The staff is applying performance assessment methods in various waste management programs, namely high-level waste, low-level waste, and decommissioning. Each of the programmatic.

SOLIDIFIED REPROCESSING WASTE GOALS FOR HIGH-LEVEL NUCLEAR WASTE MANAGE­ MENT A. A voidance of Unnecessary Risk 1. TREATMENT 2. TRANSPORTATION 3. STORAGE 4. DISPOSAL B. Equitable Distribution of Risk DEVELOPING A RESPONSIBLE RADIOACTIVE WASTE MAN AGEMENT PROGRAM A.

Military Reprocessing Waste B. High-Level Waste. Following the Council’s invitation to set up a High Level Group at EU level, as recorded in its Conclusions of 8 May on Nuclear Safety and Safe Management of Spent Nuclear Fuel and Radioactive Waste, the European Nuclear Safety Regulators Group (ENSREG) was set up by Commission Decision //Euratom of 17 July on.

The management of higher activity radioactive waste on nuclear licensed sites Part 3c Storage of Radioactive Waste Joint guidance from the Office for Nuclear Regulation, the Environment Agency and the Scottish Environment Protection Agency to nuclear licensees November File Size: KB.

document, the ^Waste Plan for the long-term management of high-level and/or long-lived radioactive waste, all elements necessary to enable the Government to take, with full knowledge of the facts, a decision in principle, i.e. a general policy decision or general guidance decision relating to the long-term management of categories B and C waste.

are dealing with the question of nuclear waste disposal both domestically and on an international level, and make suggestionsfor a more aggressive inter-national regulation of nuclear waste disposal. The common threat posed to the economies of the United States, Western Europe, and Japan by the monopoly power of the oil export.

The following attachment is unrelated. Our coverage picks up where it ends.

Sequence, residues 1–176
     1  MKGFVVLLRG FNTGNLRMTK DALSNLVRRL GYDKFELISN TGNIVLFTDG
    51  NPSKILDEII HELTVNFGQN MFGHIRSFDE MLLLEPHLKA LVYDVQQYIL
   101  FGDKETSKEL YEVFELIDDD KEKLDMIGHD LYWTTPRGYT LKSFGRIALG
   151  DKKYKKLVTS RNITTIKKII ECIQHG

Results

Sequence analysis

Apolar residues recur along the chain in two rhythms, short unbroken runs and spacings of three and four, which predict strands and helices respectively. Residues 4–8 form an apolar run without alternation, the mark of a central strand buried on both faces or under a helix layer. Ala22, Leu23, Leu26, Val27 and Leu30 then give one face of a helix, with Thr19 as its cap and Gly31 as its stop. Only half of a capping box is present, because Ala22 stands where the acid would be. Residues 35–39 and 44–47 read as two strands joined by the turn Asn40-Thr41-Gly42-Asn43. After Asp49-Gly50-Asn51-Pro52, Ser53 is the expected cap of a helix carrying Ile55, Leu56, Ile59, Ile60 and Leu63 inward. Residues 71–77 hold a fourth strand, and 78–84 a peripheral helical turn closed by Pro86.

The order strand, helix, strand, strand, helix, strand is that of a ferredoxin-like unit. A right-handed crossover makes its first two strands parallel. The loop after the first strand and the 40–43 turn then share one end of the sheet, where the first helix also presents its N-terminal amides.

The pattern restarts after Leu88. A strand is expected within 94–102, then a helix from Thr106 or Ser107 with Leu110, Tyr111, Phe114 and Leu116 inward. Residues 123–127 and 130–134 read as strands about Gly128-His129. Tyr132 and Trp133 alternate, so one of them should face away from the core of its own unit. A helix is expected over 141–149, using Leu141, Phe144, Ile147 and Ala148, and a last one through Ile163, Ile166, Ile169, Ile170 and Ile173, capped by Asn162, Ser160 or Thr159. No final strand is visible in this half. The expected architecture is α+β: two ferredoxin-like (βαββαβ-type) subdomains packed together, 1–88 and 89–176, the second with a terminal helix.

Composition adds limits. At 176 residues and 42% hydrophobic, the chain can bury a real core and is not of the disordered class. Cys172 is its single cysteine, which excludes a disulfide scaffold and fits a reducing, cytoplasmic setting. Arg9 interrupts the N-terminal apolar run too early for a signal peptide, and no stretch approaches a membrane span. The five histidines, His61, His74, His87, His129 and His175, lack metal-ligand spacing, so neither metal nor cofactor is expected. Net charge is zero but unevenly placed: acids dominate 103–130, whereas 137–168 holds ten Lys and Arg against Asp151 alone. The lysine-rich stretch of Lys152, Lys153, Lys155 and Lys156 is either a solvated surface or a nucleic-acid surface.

A IA center of excellence in earth sciences and engineering Heterogeneous Media and hosted by the Swedish Nuclear Fuel and Waste Management Company (Sweden) in Aspto, a Regulatory Perspective" This paper is a product of the CNWRA and does not necessarily reflect the view(s) or regulatory position of the NRC.

Office for Nuclear Regulation Report: NS-TAST-GD Revision 6 CM9 Ref.: / Page 4 of 27 Regulation 9 (restriction of exposure) Regulation 12 (dose limitation) Regulation 29 (accounting for radioactive substances) Regulation 30 (keeping and moving of radioactive substances).

The Carriage of Dangerous Goods and Use of Transportable PressureFile Size: KB. Acceptance criteria for processing radioactive waste. Waste characterisation is an important part of waste management. The first inspection and the assertion of the characteristics of the incoming waste performed by the operator of a pre-disposal facility (e.g.